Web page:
To illustrate, Fenne of Tupperware created a variety of emotional benefits for the firm employees in various Scandinavian countries. More specifically, Fenne relied on social media technology to perform a series of actions that helped Tupperware Nordic employees to experience authenticity at work, pride, attachment and fun (for detail, please read our research article cited below). Our research found that executives who use social media to build emotional capital within the communities of their employees reap real benefits in terms of improved information flows, collaboration, lower turnover and higher employee motivation. Emotional capital has to be built first before the firm can expect to reap the economic benefits stemming from the internal use of social media. Unfortunately, many organizations fail to grasp the crucial role of social media in building emotional capital and instead try extracting benefits from their internal use of social media before the emotional capital is built.

Tupperware Nordic’s success in the internal use of social media was even more impressive when this achievement is contrasted with the underperformance of many large technology companies. In these IT leading companies, executives mobilized experts to develop internal applications that mirrored the functionality of Facebook and Twitter and built a platform that allowed for the creation of internal wiki pages. The company hired many open-source technology developers to build new collaboration tools. Executives communicated with employees through emails and blogs, encouraging them to use new applications in the spirit of collaborative community building. Executives made participation in internal social media communities a part of employees’ performance review. However, social media adoption improved neither the ease of internal information sharing nor employee morale. Even operational efficiency was unaffected.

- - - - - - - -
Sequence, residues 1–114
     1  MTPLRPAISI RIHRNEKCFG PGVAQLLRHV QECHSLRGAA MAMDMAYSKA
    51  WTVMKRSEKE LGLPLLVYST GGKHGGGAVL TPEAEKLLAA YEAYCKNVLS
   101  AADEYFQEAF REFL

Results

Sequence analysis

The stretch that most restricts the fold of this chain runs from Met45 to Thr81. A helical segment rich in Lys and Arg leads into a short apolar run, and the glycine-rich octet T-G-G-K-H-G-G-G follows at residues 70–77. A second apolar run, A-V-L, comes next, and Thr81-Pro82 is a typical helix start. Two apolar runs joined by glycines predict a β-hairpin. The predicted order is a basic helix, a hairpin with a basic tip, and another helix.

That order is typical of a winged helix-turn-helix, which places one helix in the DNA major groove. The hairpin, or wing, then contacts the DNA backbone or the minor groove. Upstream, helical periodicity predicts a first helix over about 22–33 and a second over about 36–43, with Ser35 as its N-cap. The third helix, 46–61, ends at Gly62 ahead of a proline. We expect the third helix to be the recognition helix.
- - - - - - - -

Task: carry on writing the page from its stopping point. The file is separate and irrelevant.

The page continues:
Tupperware Nordic, by contrast, invested less than $50,000 in social media initiatives for its northern Europe organization, but obtained much more impressive results.  Between 2008 and 2011, the turnover rate of Tupperware’s predominately part-time sales consultants—one of the most important cost drivers and indicators of morale in a direct sales industry—fell by 15%. An interactive motivational webcast, “The Tupperware Radio Show” which we describe in detail below, generated €500,000 (about $700,000) of new sales over a three-day weekend in January 2010 with only €6,000 ($9000) investment in telecommunications bandwidth. Furthermore, both the ease with which best practices diffused throughout the company and the company’s revenues increased.

There is a deeper lesson to be learned beyond the superior use of social media by Tupperware Nordic: European leaders like Fenne have shown high managerial competence in community building, artfully combining both economic and emotional levers. Both are critical to motivate knowledge workers for innovation and quality. More leaders from the European community can learn from Fenne’s experience to motivate their knowledge workers and increase their companies’ competitiveness.